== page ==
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Dublin riots

ICTU support state capitulation to racism, new police powers

02 December 2023

ICTU organised rally at GPO.

The working class have an important role in the growth of fascist and racist forces. They can either mobilise to stop the growing movement in its tracks or retreat in disorder.  From this perspective the Irish Congress of Trades union demonstration in Dublin was a massive betrayal of the workers movement.

In February much lower levels of anti-migrant protest led to 50,000 marching in Dublin with the participation of a number of major unions alongside NGOs and political parties.  Today the violent rioting, threats to public sector workers and death threats to migrants were met with a lunchtime rally of about 600 people, mostly officials and union branch members. There was no attempt to mobilise any significant section of the working class - for example by calling out bus drivers in response to the attacks on drivers. No further action has been announced.

The politics were just as poor as the level of organisation. ICTU General Secretary Owen Reidy said that: “the xenophobic and racist nature of some of the violence last week does not represent us”.  He heaped praise on the Gardaí, standing alongside him on the platform for a wonderful response, while in reality they had capitulated to the racists and applied a public policy of conciliating the far right. Phil Ní Sheaghdha, General Secretary of the nurses` union, said that; “this is an Ireland for all” and that the health service needed migrant workers, hardly an answer to the anti-migrant mobilisation.

It was quite clear that this was the unions virtue signalling their anti-racist credentials while failing to announce any further mobilisation and passing the buck back to the state.  To underline this, the Minister for Public Expenditure and Reform Paschal Donohoe was in the crowd.

The problem with this perspective is that the response to the riots has been a sharp turn to the right by the government in an attempt to conciliate the racists. The talk is of “allowing the Garda to take the gloves off”, of water cannon, tasers and street patrols that would check the credentials of migrants.

In reality, the Gardaí have no need to take the gloves off. They have a long history of repression, corruption and brutality aimed at the left. A recent left demonstration saw a Garda confiscate leaflets from a leading member of People Before Profit. The soft line towards racists is an openly stated policy of not falling into the trap of confronting the right, enforced over and over again in many violent rightist demonstrations.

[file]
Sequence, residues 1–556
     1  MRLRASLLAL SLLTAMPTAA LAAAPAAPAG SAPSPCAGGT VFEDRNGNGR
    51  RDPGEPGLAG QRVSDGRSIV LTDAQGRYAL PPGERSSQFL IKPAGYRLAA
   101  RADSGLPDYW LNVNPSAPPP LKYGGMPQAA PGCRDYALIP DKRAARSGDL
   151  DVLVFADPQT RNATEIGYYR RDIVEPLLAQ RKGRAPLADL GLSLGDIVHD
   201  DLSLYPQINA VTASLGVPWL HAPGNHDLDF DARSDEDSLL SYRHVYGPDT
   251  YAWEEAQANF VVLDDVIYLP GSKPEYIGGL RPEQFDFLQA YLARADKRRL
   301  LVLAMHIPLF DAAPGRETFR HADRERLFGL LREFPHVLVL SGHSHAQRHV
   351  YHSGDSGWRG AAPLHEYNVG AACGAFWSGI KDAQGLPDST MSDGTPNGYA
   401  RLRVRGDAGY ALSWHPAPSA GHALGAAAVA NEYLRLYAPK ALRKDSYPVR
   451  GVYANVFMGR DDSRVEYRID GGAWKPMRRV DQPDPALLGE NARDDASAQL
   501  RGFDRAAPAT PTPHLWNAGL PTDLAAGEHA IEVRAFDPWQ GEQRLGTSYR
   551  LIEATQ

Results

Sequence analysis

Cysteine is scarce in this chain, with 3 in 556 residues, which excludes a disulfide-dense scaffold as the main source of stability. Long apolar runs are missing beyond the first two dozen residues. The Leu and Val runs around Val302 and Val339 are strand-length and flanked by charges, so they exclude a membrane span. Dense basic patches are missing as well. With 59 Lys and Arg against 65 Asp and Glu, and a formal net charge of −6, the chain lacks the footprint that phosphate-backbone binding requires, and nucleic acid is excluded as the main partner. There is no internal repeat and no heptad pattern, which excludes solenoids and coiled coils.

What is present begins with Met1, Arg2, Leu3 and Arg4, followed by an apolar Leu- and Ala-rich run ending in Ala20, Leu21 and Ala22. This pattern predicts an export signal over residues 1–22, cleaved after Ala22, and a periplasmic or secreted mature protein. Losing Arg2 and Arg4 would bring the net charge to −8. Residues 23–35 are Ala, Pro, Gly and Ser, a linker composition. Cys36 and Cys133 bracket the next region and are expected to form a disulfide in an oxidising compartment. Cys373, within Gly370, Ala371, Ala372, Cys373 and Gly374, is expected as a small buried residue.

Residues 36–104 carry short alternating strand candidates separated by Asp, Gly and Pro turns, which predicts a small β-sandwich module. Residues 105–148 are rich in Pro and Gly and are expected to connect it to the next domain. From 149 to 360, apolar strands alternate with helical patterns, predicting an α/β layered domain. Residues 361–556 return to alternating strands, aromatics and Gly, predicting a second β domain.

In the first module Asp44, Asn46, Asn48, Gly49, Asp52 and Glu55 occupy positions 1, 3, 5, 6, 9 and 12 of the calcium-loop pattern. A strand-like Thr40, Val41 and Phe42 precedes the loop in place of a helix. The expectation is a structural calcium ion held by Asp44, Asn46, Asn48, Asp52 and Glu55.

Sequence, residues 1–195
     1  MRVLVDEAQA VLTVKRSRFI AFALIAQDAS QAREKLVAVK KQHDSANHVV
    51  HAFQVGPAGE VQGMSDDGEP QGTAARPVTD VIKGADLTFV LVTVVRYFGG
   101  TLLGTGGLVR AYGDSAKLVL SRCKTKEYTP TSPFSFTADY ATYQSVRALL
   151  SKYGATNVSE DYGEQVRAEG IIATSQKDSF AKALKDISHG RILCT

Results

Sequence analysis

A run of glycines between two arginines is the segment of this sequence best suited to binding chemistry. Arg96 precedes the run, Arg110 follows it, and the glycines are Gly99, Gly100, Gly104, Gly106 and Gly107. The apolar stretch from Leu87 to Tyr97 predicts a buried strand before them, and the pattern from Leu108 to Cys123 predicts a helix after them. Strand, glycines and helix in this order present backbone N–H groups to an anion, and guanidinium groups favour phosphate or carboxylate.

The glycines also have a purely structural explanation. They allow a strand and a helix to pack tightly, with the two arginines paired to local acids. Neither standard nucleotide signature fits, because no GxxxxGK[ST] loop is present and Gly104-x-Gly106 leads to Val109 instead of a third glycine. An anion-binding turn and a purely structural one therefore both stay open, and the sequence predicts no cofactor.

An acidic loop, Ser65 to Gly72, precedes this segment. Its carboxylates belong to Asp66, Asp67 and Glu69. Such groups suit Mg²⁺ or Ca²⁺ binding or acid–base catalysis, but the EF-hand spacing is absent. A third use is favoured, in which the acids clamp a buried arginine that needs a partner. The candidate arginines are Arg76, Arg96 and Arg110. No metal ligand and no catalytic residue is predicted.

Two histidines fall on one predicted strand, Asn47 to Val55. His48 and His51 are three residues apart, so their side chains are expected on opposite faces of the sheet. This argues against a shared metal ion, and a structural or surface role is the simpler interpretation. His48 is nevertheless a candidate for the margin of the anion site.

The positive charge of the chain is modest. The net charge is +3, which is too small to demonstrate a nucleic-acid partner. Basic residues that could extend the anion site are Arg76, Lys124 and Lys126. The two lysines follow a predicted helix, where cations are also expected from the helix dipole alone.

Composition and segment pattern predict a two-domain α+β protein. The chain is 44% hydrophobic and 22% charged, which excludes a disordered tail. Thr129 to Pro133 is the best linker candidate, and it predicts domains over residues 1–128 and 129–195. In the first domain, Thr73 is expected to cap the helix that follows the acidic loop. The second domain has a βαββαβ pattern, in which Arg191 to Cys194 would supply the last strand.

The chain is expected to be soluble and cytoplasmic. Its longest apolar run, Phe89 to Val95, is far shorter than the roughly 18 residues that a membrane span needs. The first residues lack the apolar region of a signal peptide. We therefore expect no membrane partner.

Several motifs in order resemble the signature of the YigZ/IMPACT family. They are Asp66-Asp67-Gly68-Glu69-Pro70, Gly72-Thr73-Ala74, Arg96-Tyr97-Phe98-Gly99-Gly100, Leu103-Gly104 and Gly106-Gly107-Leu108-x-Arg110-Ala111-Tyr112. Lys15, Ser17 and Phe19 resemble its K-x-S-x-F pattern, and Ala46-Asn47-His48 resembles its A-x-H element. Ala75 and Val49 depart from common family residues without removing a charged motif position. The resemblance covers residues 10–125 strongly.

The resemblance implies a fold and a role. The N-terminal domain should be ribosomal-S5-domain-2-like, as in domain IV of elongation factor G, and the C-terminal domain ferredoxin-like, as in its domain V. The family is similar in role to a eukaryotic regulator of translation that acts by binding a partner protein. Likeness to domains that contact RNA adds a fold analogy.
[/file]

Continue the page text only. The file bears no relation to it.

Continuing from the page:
The tide of reaction has seen the revival of hate crime legislation. As with empowering the Gardaí, this will essentially be a restriction of free speech aimed at the workers.

The ICTU response shows an incredible weakness in defence of the working class. The union bureaucracy has been immersed in decades of social partnership with the government.  The socialist groups call for militant trade unionism, but their only plan is to fall into line behind ICTU. The large February march was constructed with the NGOs, but many of them support “Hate Speech” laws as part of support for Trans ideology. The overall plan for reform of Irish society hangs around a left government led by Sinn Féin, but Sinn Féin leader Mary Lou McDonald, who was at the demonstration, has now positioned her party as the law-and-order party, demanding even greater reinforcement of the police.

So how can a movement be built?

The basic starting point is to unite around a policy of defending the working class. The rightist slogan of Ireland for the Irish is in essence a call for unity with the Irish elites who are oppressing us all.

The counter position is unity of the working class. Anti-migrant politics are an attempt to fragment that class while mounting offensives which aid state repression. Instead of Ireland for the Irish we stand for the Workers Republic.

Organisationally we need a defence movement that will mobilise against the right. We should not ignore the unions or the left, but we have to accept that they will not lead the struggle for this movement.  In addition we have to tackle the cause of the crisis - a housing and public service crisis which is driving many workers to despair. The unions signed up to failed government housing plans and a central task is to oppose this.

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